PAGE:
"Among Kerry's successes last night was an apparent breakthrough among young voters." But their numbers were not sufficient to make a difference.
And, Broder and Morin write: "A pronounced shift came among moderates. In this polarized political climate, their share of the electorate dropped from about 50 percent in 2000 to about 45 percent this year, but the margin for the Democratic nominee increased from eight percentage points then to about 15 points now. Political independents also moved to the Democrats, with Kerry winning a slight majority whereas Gore had lost by a similarly small margin, according to surveys."
John Harwood and Jacob M. Schlesinger write in the Wall Street Journal: "Americans lined up to choose between George W. Bush and John Kerry -- and to flaunt their political divisions.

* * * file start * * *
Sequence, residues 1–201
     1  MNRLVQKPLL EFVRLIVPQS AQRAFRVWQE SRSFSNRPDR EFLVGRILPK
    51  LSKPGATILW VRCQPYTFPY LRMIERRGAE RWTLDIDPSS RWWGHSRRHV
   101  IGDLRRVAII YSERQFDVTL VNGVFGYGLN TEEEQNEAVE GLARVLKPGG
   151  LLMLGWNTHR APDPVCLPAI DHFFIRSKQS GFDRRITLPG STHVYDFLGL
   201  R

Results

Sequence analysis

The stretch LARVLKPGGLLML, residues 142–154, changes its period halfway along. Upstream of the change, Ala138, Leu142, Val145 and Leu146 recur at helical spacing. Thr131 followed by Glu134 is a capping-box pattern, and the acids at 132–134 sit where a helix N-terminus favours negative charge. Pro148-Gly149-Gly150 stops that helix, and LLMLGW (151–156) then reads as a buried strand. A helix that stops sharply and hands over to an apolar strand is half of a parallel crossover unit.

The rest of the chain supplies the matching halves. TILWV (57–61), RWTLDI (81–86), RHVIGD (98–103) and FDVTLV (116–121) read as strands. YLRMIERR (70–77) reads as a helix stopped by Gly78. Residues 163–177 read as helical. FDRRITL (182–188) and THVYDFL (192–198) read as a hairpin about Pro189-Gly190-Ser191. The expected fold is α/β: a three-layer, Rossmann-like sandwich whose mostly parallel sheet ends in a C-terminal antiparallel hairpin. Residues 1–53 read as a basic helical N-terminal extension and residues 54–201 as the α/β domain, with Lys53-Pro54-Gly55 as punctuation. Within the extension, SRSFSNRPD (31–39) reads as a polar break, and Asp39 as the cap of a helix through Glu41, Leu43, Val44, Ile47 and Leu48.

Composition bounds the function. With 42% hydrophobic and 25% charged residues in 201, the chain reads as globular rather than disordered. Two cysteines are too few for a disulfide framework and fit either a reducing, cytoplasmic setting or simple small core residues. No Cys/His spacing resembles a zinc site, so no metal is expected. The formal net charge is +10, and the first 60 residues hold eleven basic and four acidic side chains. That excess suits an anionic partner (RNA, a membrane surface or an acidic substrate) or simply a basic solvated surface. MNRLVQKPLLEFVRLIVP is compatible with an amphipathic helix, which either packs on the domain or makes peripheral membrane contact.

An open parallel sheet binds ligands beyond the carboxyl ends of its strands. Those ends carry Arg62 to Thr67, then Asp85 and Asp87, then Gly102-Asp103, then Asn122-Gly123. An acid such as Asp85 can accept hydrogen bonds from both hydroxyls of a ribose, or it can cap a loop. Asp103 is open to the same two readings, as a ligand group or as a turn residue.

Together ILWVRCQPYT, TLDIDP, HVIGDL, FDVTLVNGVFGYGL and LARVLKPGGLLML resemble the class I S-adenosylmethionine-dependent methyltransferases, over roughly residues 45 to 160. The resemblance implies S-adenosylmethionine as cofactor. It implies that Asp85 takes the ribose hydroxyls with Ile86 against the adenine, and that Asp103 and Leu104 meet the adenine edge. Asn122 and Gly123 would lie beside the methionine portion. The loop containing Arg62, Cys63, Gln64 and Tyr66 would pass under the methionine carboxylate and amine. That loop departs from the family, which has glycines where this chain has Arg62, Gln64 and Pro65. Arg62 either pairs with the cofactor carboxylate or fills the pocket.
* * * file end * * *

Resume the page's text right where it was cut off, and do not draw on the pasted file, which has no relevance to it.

"White voters turned out to cast ballots for President Bush by double-digit margins. Hispanics backed Mr. Kerry by a similar margin, while blacks backed him by 10 to 1.
"Regular churchgoers were rock-solid behind the Republican incumbent. So were married voters with children and Americans who own guns. Those who care most about the threat of terrorism and issues related to moral values voted overwhelmingly to give the 43rd president a second term.
"But in a stark display of what separates the nation's political camps, voters who say they never attend church services sided just as strongly with the Democratic senator from Massachusetts. So did gay voters, single voters, union members and those most concerned about health care, jobs and Iraq."